In 1573 a rencontre took place between the supporters of James and the Earl of Morton, then regent, and the friends of Queen Mary. This engagement is known by the title of the “Bourd of Brechin,” and was fought by the Adam Gordon of Auchindown just named, the brother of Lord Huntly, for the queen’s party, and by the Earl of Brechin for the regent. In the previous year Gordon had gained a considerable advantage over his opponents at Craibstane in Aberdeenshire, and, emboldened by that victory, he entered Angusshire. The regent’s party resolved to stop Gordon, and for this purpose they assembled all the forces of Angus at Brechin. But Gordon, being apprised of their proceedings, left the siege of Glenbervie, with which he was then engaged, came to Brechin overnight with the most courageous of his troops, knocked down the watch, surprised the town, fell upon the gallant lords, drove them from the city, and took possession of the town and castle of Brechin. Next morning, the lords of the king’s party, being informed of the few troops which Auchindown had with him, collected their scattered forces and marched to Brechin to give him battle. Gordon courageously met the lords, routed them, and slew about eighty of their troops, but generously dismissed, without ransom or exchange, nearly two hundred prisoners, most of them gentlemen.

Alexander Scott, who wrote in 1562, is said to have been a native of Brechin. Of this there may be doubt, but it is probable he was in some way connected with the burgh, for we have heard his poems recited by individuals in the town, who represented that they had the verses handed down to them by tradition. One of these poems struck us as particularly plaintive. It is entitled “ An Address to the Heart," and runs thus:—

“Return thee hame, my heart, again,
And byde where ye war wont to be;
Thou art ane f ule to Buffer pain
For luve o' ane that luves no thee.
“My heart, take neither strute nor wae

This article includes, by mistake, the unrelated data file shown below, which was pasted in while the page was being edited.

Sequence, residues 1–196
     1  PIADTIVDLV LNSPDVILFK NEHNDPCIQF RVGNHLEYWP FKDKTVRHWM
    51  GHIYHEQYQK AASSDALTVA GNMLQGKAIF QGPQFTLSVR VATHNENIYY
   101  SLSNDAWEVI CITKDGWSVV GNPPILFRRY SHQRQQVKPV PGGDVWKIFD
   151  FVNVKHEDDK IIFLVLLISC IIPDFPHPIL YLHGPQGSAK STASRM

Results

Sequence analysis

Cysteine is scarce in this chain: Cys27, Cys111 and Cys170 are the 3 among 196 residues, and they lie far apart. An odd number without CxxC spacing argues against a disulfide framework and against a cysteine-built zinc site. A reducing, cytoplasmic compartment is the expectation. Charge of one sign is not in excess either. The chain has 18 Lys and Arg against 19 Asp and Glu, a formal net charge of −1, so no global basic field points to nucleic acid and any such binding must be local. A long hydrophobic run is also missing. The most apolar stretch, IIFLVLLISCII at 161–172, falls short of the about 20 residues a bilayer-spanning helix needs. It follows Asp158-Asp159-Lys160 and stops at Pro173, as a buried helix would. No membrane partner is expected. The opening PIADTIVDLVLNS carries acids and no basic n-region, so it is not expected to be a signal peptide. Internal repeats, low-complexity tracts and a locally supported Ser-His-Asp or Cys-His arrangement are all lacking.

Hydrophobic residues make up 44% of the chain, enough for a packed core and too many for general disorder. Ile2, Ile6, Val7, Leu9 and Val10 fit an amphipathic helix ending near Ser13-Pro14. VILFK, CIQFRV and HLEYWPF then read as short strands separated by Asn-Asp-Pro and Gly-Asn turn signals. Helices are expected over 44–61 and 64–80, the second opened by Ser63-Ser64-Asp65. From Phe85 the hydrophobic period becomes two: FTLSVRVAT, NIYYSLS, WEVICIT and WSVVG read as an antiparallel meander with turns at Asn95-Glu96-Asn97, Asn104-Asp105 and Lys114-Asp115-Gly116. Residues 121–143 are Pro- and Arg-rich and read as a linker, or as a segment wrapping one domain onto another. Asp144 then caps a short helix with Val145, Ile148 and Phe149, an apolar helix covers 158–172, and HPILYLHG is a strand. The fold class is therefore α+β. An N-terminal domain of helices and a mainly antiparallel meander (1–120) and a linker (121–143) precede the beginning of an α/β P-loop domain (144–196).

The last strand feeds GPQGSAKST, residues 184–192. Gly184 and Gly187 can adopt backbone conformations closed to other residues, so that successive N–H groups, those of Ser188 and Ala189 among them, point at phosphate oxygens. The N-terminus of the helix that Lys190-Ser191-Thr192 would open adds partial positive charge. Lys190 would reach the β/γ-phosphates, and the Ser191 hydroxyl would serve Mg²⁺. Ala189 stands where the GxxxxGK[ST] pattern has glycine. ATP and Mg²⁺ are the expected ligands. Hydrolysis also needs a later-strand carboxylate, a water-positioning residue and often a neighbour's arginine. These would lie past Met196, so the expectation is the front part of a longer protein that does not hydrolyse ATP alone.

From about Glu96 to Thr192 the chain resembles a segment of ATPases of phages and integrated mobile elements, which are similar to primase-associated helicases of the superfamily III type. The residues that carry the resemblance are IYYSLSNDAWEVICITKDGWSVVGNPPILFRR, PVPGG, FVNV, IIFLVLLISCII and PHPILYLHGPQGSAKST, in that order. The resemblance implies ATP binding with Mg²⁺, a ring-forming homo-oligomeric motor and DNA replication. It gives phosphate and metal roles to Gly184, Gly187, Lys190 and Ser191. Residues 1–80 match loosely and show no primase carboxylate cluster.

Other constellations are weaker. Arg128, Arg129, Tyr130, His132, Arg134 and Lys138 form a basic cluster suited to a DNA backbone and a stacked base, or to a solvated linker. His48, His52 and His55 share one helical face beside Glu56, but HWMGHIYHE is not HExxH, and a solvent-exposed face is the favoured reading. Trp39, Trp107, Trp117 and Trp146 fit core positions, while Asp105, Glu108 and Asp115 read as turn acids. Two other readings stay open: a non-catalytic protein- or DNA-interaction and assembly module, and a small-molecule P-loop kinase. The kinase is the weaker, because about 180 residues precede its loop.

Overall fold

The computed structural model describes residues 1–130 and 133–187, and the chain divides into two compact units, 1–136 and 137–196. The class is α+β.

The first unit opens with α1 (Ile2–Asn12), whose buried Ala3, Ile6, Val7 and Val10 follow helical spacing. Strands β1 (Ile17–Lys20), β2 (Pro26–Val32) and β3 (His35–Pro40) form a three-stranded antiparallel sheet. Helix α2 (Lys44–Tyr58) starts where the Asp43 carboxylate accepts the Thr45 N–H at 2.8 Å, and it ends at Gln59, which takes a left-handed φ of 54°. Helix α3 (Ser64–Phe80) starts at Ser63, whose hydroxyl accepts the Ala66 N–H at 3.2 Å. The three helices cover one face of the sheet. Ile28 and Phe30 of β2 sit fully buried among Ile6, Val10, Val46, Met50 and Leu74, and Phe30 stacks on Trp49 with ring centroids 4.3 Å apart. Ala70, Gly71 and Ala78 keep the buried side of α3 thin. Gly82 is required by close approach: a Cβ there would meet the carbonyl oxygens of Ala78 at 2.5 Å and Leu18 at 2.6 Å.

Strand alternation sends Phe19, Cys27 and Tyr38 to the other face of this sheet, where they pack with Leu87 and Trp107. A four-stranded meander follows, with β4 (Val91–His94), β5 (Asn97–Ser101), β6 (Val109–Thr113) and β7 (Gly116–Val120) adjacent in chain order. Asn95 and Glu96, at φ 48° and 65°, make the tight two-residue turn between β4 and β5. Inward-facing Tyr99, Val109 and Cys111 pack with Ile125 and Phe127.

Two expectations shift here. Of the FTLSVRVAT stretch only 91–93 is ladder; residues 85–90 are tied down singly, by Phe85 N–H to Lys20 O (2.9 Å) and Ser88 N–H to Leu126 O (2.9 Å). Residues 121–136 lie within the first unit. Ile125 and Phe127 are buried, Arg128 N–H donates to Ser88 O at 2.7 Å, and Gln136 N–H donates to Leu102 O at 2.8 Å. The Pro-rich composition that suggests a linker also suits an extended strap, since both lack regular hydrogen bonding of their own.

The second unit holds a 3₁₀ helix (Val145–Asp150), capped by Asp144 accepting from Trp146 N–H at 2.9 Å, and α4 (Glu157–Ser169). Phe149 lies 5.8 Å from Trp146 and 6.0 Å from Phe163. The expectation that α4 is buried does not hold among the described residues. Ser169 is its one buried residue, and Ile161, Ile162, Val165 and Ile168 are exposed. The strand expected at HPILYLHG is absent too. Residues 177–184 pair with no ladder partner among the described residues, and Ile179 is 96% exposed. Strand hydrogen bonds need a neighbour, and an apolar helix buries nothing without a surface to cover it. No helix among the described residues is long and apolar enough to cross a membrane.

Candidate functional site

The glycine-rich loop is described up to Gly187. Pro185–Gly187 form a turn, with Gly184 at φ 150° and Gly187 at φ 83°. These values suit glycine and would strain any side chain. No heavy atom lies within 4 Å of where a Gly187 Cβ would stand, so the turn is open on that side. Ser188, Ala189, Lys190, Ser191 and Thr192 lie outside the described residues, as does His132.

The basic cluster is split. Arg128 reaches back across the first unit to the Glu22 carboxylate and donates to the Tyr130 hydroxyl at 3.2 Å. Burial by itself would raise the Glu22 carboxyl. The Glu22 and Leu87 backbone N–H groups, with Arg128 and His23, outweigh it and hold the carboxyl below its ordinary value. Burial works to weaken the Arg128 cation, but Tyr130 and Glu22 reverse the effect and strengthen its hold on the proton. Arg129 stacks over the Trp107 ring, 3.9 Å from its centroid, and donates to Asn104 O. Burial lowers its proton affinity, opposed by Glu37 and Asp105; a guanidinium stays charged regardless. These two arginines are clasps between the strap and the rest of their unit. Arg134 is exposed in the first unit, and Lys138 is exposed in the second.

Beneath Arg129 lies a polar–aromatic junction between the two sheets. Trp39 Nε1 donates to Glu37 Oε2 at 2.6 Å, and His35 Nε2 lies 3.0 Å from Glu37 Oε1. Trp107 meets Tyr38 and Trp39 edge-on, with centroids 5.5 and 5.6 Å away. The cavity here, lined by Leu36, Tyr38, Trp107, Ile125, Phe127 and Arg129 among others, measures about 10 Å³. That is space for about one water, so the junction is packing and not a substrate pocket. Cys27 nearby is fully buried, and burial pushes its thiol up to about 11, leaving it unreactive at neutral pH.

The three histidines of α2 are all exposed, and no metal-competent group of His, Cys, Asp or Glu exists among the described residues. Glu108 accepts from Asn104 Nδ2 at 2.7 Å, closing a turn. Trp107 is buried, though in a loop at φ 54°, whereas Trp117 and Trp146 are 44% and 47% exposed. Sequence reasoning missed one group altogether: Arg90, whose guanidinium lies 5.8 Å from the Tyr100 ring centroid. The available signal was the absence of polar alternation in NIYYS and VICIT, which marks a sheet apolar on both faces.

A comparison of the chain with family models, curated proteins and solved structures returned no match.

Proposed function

For ane, without a better cause;
But be thou blythe and let her gae,
For feint a crum o’ thee she fa’s.
“ Ne'er dunt again within my breast,
Nor let her Blights thy courage spill,
She *11 dearly rue her ain belieist,
She *s sairest paid that gets her will.”

As the close of the sixteenth century is the close of the connexion of the Popish hierarchy with the cathedral church of Brechin, we may here take a hasty glance at the constitution of. the chapter, and at the altarages and chaplainries connected with the cathedral during the time of Papacy, as stated in the documents still existing. The charter by Robert I., in 1322, granting a right of market on Sundays, is addressed to the bishop, chaplains, and canons of the cathedral church of the Holy Trinity of Brechin. Amongst the old records there is an apostolic declaration dated on the Monday of the Holy Trinity in 1372, issued by Patrick, Bishop of Brechin, and the canons, rectors, vicars, and elders of the diocese, for the purpose of ascertaining the number and quality of the benefices belonging to the church, and the dignities, offices, and prebendaries belonging to the cathedral. By this writ it is declared that there are eleven benefices belonging to the church, four of which have the dignity of dean, chanter, chancellor, and treasurer, and the fifth has the dignity of archdean, which five benefices are incompatible with other offices. Then it is declared that there are six benefices,— viz., vicar, pensioner, subdean, Kilmoir, Butergill, and Guthrie, all of which are simple prebends, and are compatible with other offices; and it is further stated that although two of these prebends are commonly called vicar and subdean, yet they have no care of souls, nor prerogative of dignity, nor office, nor administration, within or without the cathedral, but only that, as already said, they are simple prebends compatible with other offices. The witnesses to this letter are described as Fergus de Tulach, praecentor; Richard de Monte Alto, chancellor; Matthew de Abirbrothoc, treasurer; Stephen de Cellario, archdean; William de Dalgarnock, vicar; Radulph Wyld, subdean; John de Drum, prebend of Butergill; Thomas de Luchris, prebend of Guthrie; John Wyld, rector of Logie; John de Gaok, rector of Monzeky; and Alexander Doig, vicar of Dunnychtyne, canons of the church; the dean and the pensioner, dwelling at a distance, and the prebend of Kilmoir, being only absent. In the park of Burghill, not far from the keeper’s house, there is a round knoll planted with trees, where it is understood the chapel of “ Butergill” stood, and where yet the remains of humanity may be found, indicating that a graveyard


VIEW FROM THE NORTH-EAST